Along the Air Line... 2002 - August, Part 1
The Air Line Trail in Eastern Connecticut - Stan Malcolm Photos

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Stan Malcolm Photo


August began with a burst of color - the vibrant red of Cardinal Flower
(Lobelia cardinalis).

New York Ironweed (Veronia noveboracensis) is at its peak.

Summersweet or Sweet Pepperbush (Clethra alnifolia) added a heady scent to
the Raymond Brook Marsh.

The Raymond Brook Marsh portion of the trail offered a solid mass of blooms - starring Tick Trefoil, Goldenrod, Evening Primrose, and Summersweet - with a supporting cast of Milkweeds, Joe Pye Weed, Ironweed, Cardinal Flower, Rabbit's Foot Clover, Queen Anne's Lace, and Boneset.

Showy Tick Trefoil (Desmodium canadense) is well along in setting its distinctive seeds, the "ticks" we'll soon find attached to our clothing as we brush past the plants.

Joe Pye Weed (Eupatorium sp.)...

...and its close cousin, the white-flowered Boneset (Eupatorium perfoliatum).

Note how Boneset's leaves fuse around the stem. This characteristic gave rise to the belief that an infusion of the leaves would help in healing fractures. In the Middle Ages, believers in the Doctrine of Signatures asserted that God left clues to the medicinal uses of plants in their shapes.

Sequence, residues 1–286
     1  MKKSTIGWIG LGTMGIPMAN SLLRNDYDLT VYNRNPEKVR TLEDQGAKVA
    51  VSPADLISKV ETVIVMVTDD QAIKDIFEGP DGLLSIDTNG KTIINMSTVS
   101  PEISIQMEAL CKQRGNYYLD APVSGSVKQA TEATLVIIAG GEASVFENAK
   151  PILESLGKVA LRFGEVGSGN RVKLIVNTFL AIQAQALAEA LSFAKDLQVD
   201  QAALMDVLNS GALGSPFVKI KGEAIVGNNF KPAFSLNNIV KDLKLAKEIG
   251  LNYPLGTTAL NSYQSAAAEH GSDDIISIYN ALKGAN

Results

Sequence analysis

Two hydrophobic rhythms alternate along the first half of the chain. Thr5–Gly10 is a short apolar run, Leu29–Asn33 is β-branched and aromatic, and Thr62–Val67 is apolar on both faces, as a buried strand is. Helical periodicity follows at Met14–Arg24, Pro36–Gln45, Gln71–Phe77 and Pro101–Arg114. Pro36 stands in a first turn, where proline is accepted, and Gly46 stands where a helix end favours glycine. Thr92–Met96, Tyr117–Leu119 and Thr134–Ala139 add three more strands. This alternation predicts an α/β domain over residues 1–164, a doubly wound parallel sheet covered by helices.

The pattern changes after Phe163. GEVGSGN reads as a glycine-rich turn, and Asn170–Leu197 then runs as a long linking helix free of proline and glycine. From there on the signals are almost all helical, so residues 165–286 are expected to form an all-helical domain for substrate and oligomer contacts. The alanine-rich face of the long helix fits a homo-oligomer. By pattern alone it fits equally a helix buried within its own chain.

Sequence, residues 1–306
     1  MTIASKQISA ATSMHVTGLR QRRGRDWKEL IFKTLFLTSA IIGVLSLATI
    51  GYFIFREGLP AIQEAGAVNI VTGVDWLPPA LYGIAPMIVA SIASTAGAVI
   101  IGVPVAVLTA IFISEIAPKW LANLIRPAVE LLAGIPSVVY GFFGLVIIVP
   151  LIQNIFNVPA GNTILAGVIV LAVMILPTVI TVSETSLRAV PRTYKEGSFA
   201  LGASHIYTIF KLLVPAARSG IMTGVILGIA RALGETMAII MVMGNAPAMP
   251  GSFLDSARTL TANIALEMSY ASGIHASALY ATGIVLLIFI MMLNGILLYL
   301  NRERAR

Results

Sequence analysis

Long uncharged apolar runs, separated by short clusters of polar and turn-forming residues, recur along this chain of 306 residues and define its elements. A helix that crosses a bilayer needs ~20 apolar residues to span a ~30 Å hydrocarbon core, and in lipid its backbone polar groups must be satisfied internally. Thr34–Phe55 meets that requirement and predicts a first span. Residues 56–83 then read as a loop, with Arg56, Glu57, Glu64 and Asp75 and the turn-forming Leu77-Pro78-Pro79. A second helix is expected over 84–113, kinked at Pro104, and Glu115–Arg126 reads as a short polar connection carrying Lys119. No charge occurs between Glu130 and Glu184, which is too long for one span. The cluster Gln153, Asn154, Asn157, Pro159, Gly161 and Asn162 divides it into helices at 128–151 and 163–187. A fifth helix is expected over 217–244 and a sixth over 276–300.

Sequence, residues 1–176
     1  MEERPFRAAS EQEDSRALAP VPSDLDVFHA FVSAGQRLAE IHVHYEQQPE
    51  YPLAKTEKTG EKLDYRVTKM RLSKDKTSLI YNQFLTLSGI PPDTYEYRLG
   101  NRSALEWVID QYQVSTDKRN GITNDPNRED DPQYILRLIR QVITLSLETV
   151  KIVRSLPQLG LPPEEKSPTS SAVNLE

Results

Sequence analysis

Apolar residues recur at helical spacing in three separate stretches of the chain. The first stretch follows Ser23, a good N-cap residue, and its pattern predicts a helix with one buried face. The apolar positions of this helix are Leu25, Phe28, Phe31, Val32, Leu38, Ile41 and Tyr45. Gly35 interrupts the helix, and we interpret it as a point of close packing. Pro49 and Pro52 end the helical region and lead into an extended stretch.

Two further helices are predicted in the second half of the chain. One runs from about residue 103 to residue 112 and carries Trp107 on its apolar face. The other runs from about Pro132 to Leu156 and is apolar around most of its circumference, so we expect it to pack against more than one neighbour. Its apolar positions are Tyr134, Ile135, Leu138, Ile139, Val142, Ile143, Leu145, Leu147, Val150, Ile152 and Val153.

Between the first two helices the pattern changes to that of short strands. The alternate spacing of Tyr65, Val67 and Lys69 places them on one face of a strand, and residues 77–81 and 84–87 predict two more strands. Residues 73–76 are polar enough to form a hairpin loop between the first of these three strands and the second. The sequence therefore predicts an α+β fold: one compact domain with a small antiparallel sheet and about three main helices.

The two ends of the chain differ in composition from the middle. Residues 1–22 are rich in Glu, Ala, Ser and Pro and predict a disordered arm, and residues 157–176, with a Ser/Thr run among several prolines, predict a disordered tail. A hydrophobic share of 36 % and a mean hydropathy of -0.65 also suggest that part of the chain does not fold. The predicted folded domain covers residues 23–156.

Follow these links to learn more:

Bull Thistle (Cirsium vulgare). (Are those bagpipes I hear in the distance, laddie?) Note the camouflaged pale green crab spider lurking just below the purple head.

Smartweed (Polygonum sp.), one of many similar species in our area.

Groundnut (Apios americana), a vine climbing over bushes in the Raymond Brook Marsh. It is a member of the Pea family.

Wild Clematis or Virgin's Bower (Clematis virginiana) is in the Buttercup family.

Northern Arrowwood (Viburnum recognitum) had clusters of small white flowers in the spring, now replaced by these clusters of slate blue berries.

A rare plant along the trail, this is Downy Rattlesnake Plantain
(Goodyera pubescens). Unmistakable leaves!

A close look at the flowers confirms the plant's membership in the Orchid family.

Although not rare, this Indian-pipe (Monotropa uniflora) is certainly inconspicuous. Lacking chlorophyll, the plant feeds on decaying material in the soil - making it more animal-like than plant-like.

(Thanks to Barb and Mike Emmons for identifications
of Summersweet and Arrowwood.)